Metal

Plants to detox land, generate nanoparticles

Publication: NBC News   Date: March 5, 2013   View Article

Common garden plants such as alyssum will be used to soak up toxic metals from polluted lands and then used to produce high-value metal nanoparticles for car parts and medical research, according to an innovative project launched Monday.

The use of plants to clean up polluted sites, a process called phytoremediation, is well known. But until now, the harvested plants were either burned or buried. The new project promises to bring value to the harvested plants by recovering the metals and using engineered bacteria to form metal nanoparticles.

Big ‘Green’? IBM works on 500-mile-per-charge battery

Publication: msnbc.com   Date: April 20, 2012   View Article

An electric car that can go from Boston to Detroit on a single charge could hit showroom floors sometime in the next decade, if all continues to go smoothly for IBM.

Yes, IBM. The company, best known these days for its trivia-champ computer Watson, is making a risky bet on the development of lithium-air battery technology in a bid to accelerate adoption of electric vehicles.

A tiny, golden way to curb carbon emissions

Publication: msnbc.com   Date: April 13, 2012   View Article

Once – or if – we decide to seriously fight climate change, there will be riches to be found in technologies that turn the greenhouse gas carbon dioxide into something useful, such as fuel. One such method may truly be golden, according to new research.

The story starts with another metal – copper, the stuff of pennies. It is well known as one of the few metals that can turn carbon dioxide into fuels such as methane and methanol.

Robotic jellyfish may never run out of energy

Publication: msnbc.com   Date: March 21, 2012   View Article

A robot built to look and swim like an inconspicuous jellyfish may keep going and going and going thanks to an infinite source of fuel — its surroundings.

The power comes from heat-producing chemical reactions between oxygen and hydrogen with platinum coated on the surface of the bio-inspired robot, known as Robojelly.

Liquid batteries to pour on green energy?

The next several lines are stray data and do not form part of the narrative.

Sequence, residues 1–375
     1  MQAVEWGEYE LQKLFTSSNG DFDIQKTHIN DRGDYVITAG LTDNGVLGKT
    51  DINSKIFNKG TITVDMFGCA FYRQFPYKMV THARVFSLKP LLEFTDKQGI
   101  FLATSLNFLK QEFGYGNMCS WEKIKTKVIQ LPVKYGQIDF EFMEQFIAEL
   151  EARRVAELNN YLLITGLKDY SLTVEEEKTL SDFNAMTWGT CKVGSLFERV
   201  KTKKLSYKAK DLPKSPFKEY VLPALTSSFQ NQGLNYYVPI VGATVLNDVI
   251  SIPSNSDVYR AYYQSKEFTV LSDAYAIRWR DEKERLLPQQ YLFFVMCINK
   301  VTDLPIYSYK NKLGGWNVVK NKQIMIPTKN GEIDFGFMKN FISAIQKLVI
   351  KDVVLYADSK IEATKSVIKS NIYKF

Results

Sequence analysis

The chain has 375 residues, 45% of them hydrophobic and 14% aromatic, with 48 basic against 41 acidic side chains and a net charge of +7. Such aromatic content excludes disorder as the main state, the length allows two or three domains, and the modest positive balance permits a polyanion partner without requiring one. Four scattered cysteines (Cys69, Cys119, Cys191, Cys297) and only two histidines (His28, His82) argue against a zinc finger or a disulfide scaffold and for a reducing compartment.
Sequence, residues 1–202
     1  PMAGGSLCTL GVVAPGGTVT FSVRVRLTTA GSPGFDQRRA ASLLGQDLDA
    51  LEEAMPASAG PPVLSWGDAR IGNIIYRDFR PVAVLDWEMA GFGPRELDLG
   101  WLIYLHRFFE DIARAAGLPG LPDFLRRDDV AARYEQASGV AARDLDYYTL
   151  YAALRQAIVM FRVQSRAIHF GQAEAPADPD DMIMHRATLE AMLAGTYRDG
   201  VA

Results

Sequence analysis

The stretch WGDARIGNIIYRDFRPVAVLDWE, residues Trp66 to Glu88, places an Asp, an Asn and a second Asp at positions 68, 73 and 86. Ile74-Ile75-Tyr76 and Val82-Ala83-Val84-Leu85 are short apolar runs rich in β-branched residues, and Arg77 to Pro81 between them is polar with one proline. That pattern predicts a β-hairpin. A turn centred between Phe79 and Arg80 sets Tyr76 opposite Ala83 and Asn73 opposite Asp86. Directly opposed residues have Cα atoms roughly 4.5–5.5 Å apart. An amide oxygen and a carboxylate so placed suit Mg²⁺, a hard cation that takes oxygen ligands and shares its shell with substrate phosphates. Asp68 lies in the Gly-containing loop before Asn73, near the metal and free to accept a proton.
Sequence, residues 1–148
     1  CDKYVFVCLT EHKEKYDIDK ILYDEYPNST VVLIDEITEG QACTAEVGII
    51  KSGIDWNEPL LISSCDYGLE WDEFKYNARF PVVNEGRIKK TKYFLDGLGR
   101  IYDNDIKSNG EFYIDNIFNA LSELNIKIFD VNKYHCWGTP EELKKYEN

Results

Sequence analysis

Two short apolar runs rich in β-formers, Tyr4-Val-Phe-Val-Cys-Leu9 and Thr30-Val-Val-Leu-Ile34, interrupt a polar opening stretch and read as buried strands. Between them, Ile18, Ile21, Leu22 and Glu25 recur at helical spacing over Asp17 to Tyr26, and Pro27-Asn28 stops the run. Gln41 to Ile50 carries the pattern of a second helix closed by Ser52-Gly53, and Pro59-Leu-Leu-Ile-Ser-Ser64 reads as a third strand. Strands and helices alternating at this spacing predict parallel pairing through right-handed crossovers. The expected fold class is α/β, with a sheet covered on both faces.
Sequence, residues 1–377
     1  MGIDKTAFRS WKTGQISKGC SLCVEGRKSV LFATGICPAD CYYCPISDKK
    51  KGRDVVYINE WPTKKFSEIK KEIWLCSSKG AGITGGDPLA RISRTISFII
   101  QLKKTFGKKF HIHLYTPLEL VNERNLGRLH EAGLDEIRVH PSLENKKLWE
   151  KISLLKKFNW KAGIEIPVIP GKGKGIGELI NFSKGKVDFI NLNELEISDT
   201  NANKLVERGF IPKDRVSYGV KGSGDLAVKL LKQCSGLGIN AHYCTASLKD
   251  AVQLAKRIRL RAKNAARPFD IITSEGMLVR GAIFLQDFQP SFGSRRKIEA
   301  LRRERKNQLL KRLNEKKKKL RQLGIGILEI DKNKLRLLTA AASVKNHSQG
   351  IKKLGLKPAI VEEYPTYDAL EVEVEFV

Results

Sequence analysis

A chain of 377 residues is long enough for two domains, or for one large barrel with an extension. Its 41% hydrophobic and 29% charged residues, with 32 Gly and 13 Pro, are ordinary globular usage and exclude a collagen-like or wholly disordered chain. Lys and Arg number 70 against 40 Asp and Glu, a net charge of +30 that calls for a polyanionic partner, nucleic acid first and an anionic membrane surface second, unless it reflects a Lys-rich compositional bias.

Publication: msnbc.com   Date: February 15, 2012   View Article

Banks of scorching hot batteries filled with molten metals may be the long-sought silver bullet to make large-scale adoption of wind and solar energy a practical, purely green reality.

Such a storage solution is needed because, as we know, the wind doesn’t always blow and the sun doesn’t always shine where and when it’s needed.

Odd Pyramid Had Rooftop Homes, Ritual Sacrifices?

Publication: National Geographic News   Date: October 21, 2010   View Article

Yes, it’s yielded human remains—including five females who may have been ritually sacrificed. But it’s the signs of life that make a half-excavated Peruvian pyramid of the Moche culture stand out, archaeologists say.

“Often these pyramidal mounds were built as mortuaries more than anything else,” said excavation co-leader Edward Swenson.

“In most instances [a pyramid] is not where people live, it is not where they were cooking their food,” the University of Toronto archaeologist added.

But the newly exposed 1,400-year-old flat-topped pyramid supported residences for up to a couple dozen elites, who oversaw and perhaps took part in copper production at the site, evidence suggests.

Bronze Age Factory Discovered in Jordan

Publication: National Geographic News   Date: June 25, 2002   View Article

Archaeologists working at a desert site in Jordan have excavated a large and very well-preserved copper factory from the Early Bronze Age. The discovery is providing insight into metal production as the first urban cultures emerged.

“This unique find gives us a remarkable window on the role of craft production in some of the earliest urban societies in the world,” said Thomas Levy, an archaeologist at the University of California–San Diego, who led the excavation.

© 2008-2010 Collected Writings By John Roach